Last updated: 01 December 2014
The internet of things is exactly that, a collection of ‘things’ that goes beyond ‘technology’ as we know it. Most people can get their head around connected technology like railroad repair detection on modern railway lines, because it seems plausible and generally ‘sounds like a sensible idea’. This was the theory behind our M2M Fact or Fiction quiz, which asked the question ‘does this really exist?’, the truth being that M2M innovation and development is moving so fast that in a short time, almost all of our fictitious inventions will probably have been made reality.
For example, we hypothesized that smart shoes exist to shock users into achieving their running targets, only to then discover that a very similar device does exist, and is growing in popularity every day.
We’ve seen more entries flood in for the IoT Maker challenge, with some echoing ideas that we included in the Fact or Fiction quiz, like this one below from Yara Senger who suggested notifying a doctor when a heartbeat is irregular. We look deeper at this question of the quiz in this post on smart sugar monitors.
— Gemalto (@Gemalto) October 3, 2014
Randy Spiess applied the premise to monitoring salt levels in the water softener, something I know a lot of people would approve of, and another great example of where the technology can be applied in something not necessarily deemed a life or death situation, but a practical and business focused innovation that simply makes life easier.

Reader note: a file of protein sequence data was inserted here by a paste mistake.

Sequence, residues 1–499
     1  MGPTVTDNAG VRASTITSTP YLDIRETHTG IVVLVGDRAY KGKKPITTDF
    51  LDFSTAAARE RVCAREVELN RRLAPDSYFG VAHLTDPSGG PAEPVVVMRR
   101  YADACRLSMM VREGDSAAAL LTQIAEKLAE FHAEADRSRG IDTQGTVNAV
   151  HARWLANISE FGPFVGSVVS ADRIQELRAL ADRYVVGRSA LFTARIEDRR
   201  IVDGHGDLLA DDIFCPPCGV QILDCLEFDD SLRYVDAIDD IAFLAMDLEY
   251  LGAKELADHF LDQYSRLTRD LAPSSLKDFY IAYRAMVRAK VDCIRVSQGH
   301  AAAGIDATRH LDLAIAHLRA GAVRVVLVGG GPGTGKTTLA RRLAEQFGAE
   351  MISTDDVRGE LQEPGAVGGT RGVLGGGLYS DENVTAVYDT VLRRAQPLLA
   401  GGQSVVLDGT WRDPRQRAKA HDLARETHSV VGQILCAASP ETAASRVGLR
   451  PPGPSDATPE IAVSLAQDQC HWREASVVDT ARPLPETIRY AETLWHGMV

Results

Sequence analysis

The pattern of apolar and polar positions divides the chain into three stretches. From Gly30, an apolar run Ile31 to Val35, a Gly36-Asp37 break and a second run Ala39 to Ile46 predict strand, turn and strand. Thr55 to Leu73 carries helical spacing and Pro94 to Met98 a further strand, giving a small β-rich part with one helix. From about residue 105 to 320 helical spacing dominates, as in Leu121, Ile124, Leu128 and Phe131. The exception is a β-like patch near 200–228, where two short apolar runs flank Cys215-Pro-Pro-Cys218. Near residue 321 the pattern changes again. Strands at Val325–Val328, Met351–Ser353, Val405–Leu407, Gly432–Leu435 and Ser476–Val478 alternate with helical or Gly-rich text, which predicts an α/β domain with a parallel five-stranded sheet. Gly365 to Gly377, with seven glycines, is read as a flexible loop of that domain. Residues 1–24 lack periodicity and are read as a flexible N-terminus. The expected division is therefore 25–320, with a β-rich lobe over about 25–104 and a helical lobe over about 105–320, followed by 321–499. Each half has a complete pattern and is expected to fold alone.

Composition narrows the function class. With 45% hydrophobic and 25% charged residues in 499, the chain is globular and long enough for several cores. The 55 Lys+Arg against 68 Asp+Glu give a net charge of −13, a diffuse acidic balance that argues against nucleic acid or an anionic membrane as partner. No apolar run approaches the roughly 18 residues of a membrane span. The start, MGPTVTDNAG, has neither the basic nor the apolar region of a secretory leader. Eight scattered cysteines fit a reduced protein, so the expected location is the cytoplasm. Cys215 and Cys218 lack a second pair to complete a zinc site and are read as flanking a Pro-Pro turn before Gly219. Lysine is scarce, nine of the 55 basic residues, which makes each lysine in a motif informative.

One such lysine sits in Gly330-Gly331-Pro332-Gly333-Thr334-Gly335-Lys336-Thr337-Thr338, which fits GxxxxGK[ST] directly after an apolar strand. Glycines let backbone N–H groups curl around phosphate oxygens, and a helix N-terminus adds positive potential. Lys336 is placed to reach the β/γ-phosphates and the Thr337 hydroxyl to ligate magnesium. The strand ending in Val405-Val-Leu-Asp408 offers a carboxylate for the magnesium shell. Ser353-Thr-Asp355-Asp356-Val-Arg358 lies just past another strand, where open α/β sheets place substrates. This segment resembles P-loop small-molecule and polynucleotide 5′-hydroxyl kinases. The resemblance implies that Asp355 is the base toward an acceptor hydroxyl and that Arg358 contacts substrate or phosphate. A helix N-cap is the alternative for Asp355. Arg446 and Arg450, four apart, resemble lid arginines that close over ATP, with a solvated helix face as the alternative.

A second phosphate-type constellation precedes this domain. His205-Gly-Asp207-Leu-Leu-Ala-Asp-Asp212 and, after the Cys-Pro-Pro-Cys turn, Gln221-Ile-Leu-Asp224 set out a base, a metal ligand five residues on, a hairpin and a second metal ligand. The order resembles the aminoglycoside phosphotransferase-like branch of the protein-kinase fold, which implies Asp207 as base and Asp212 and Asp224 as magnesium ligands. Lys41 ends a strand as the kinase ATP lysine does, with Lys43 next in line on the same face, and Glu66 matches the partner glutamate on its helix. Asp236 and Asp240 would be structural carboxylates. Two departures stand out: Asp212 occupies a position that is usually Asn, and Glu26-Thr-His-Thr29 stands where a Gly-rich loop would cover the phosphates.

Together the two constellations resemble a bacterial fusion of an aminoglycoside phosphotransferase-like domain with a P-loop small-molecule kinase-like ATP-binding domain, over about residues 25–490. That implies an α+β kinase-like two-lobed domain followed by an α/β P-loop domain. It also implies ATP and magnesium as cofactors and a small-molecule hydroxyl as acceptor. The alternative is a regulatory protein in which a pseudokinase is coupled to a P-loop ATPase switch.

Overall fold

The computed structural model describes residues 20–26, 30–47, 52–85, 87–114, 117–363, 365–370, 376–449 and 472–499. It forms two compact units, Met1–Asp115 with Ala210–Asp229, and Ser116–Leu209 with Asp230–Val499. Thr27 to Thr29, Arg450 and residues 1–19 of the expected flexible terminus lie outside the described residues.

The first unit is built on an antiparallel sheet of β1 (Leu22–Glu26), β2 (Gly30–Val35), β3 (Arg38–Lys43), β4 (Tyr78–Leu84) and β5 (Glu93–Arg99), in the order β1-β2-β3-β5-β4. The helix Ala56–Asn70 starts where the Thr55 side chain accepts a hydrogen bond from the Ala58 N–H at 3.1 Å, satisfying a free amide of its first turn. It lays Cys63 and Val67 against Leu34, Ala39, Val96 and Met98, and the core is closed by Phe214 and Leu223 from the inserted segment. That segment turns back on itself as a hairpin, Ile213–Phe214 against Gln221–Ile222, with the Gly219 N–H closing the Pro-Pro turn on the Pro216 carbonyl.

— randy spiess (@randyspiess) October 2, 2014
Something else that caught our eye this week was the amazing story of 15 year old Kenneth Shinozuka who has created a device that could potentially help the caretakers of patients with Alzheimer’s disease all over the world. Whilst Kenneth uses Bluetooth LE for the communication and not a GSM module, his idea to create an alert system that notifies a smartphone when a patient (in this case his granddad) gets out of bed, is a fantastic example, and application, of how technology like this can be developed with minimal kit, such as Gemalto’s Cinterion Concept Board.
Hopefully this story provides inspiration for your own entry. For a reminder on how to enter, please visit the competition landing page, or just tweet @Gemalto #IoTmaker with your idea ahead of the entry deadline, now extended to 30th November. You can check out some of the ideas being discussed online here.
Update: The entry window for the IoT Maker challenge has now closed, stay tuned to the blog for more information.